A Tip to Sellers: The best strategy to obtain the top dollar for a home is to carefully price a home according to its Fair Market Value. This current market may be incredibly hot, especially below $1.25 million, that stretching the asking price and even overpricing a home may still result in eventually achieving the ultimate goal in selling; HOWEVER, it will be at the expense of leaving money on the table. Stretching the asking price and overpricing results in fewer offers to purchase and not being able to properly tap into the auction-like atmosphere in selling a home today. When a home is properly priced according to the most recent comparable and pending sales, taking into consideration the location, conditions, upgrades, and amenities, it will procure the most interest and the highest number of multiple offers possible. Pitting all of these offers against each other will instigate a bidding war where one buyer outbids the rest, often for higher than the asking price, and, in some cases, much higher.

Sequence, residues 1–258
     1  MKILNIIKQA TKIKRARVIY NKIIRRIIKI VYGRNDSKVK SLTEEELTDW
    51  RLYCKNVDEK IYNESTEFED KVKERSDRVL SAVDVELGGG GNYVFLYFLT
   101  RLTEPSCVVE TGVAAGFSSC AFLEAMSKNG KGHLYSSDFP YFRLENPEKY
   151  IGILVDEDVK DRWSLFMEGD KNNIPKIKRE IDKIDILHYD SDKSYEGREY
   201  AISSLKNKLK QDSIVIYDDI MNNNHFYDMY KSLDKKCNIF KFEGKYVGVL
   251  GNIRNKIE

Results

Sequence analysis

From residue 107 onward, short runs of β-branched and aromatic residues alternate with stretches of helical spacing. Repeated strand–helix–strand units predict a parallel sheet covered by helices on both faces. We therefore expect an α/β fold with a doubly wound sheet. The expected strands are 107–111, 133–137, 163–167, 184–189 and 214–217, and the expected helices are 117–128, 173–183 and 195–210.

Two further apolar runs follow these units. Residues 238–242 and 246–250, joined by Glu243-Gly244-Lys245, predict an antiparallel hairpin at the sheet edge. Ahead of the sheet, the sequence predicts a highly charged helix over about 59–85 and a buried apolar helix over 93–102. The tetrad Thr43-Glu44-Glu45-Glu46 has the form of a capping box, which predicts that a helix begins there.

Active Listings

The current active inventory plunged another 5% in the past couple of weeks.

The active listing inventory shed 134 homes in the past two-weeks, down 5%, and now sits at 2,493, the lowest inventory level since tracking began in 2004. Unfortunately, this housing scene is not going to change much anytime soon. The market may feel as hot as spring, but it is currently the Winter Market. That is when demand swiftly rises, but the active inventory typically only rises slowly. Homeowners are eyeballing coming on during the spring, not the winter. More homes will come on the market during March. Even more will enter the fray in April. May is the peak month for homeowners coming on the market and it will remain elevated through the end of August, the beginning of the Autumn Market.